First of six parts to the article as it nears its completion.
I hope to establish these two distinctions between Reality (absolute) and our reality (of conscious experience and self witnessed) and between our self (part of our reality) and our whole self (of Reality). A process is then alluded to, towards the end of this article, of our integration with our whole self, of contact with Reality through our whole, and our part to play for it. More of this process will be presented elsewhere, but here discussed are pivotal issues involved in approaching our “actuality” of being part, and referring to our whole being of Reality.
1 The concept of “projection”
It is proposed here that our reality is “projected” or placed in space, through the Central Nervous System (CNS) by our whole. The CNS, which includes the brain and spinal cord, is an integral part of our whole being. We will look at how our reality, of conscious experience and self witnessed1, can be a projected part of our whole being, projected through the CNS by our whole.
Let’s start with vision as an example of projection.
Light bouncing off real things in the real world focuses upside down inside at the back of the eyes, and stimulates the receptors there at the retina (cones and rods) which convert focused images into nerve impulses. These pulse through optic nerves and reach the brain where our vision is created and placed in projected space, for us to experience.
In similar ways information, of certain “aspects of the real world” that sense organs of the body are specifically sensitive to (eyes for light, ears for sound, sensors on the skin for touch etc.), is put together in the CNS (by our whole) to form the “outside world part” of our reality. It is the world we may experience called the phenomenal world, a useful and “powerful” 2 indication of the real world. With it is a “functional” and effective perspective, of our sense of being in the world – we can jump onto a spot, point and touch, front up and throw. We are allowed this sense in our reality where, as one’s self or identity, we seemingly do things in our reality. All the while, it is our whole who does things in the real world or absolute Reality, including those things we think we do.
(Note 1 – phenomenal world made from “aspects of Reality”)
The capital R is used to indicate absolute Reality, and to distinguish it from “our reality” of conscious experience and self that is witnessed. Our reality is a projected part of our whole being, who is in and of Reality.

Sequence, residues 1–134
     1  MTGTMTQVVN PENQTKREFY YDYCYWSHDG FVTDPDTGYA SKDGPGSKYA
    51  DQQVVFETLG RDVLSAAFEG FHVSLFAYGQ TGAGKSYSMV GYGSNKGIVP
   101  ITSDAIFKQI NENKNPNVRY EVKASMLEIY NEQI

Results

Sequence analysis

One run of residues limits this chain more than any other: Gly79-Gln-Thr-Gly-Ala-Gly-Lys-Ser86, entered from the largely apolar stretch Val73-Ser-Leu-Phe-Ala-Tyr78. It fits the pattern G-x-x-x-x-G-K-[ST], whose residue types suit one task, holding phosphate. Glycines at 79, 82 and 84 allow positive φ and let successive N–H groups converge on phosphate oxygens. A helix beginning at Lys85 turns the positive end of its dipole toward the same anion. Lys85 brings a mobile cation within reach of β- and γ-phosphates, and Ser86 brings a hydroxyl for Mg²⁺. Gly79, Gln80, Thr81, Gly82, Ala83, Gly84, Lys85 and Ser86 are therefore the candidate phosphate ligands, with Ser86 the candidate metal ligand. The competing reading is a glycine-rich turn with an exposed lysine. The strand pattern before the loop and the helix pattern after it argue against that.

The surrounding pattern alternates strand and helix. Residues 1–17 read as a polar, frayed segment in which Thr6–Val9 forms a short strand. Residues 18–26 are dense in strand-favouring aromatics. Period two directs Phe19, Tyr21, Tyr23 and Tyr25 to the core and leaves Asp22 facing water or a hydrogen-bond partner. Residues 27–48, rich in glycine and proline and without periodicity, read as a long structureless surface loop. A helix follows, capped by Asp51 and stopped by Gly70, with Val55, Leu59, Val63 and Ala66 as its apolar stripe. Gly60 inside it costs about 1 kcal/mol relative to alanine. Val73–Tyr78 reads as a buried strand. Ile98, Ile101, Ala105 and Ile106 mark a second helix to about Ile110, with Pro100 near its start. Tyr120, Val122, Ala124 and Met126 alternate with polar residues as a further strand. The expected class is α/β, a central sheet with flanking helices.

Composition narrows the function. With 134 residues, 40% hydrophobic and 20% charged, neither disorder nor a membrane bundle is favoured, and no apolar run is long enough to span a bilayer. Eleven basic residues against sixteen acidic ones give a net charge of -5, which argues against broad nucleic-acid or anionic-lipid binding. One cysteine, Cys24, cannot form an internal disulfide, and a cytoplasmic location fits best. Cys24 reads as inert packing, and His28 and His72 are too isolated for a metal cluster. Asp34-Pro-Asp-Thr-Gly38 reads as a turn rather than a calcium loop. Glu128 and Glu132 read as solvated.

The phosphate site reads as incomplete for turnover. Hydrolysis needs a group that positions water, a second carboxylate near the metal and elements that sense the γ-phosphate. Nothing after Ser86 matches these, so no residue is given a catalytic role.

1Witness : the displaced part to the manifestant parts of our reality, including the self and what is experienced, by which we are aware of our self in being self aware, and of what we experience in being aware of that. See p4 – witness, constructology.
Also we witness time and change in space within our reality. Consider experience of tending fire from when humans where early homonids erectus around 1 million years ago. We evolved with fire and our gaze at its forever changing unfolding in time and our involvement.
2The powerful theories of science have their origins here, in our phenomenal world we may try to understand. Powerful because our theories and understandings work when applied in the conditions that they are meant for or were developed in. Nevertheless they remain of indication and story about the real world and things in it.
2 The self is a problem
Neuroscience seems to suggest that “what we experience” occurs in the brain. It has become a part of our modern understanding and culture (movies such as the Matrix). This diagram shows what was already being considered about our reality and the brain in the mid-1600’s, when it was used by Descartes in his work (father of modern philosophy – “I think, there for I am”). It illustrates a part of the brain registering vision and initiating pointing.
But what about our self, one’s self, yours and mine? Are we a product of the brain? With our ability to consider and question things, our sense of independence and will, and separation from what we experience, how can we be made by and so secondary to an organ? Are we not complete, in our existence absolutely as self against not self, and relative to our experience of the other, or of other things, others and the world? What about our consciousness, deeper being, sense of life, will and destiny? Where would they come from or fit, if not exist on their own?
I preempt this point, that there is no brain without a whole being, whole self or the whole body. We, as self or identity, together with and in our reality, are a part of our individual whole, “projected” through and not by the CNS but by our whole being.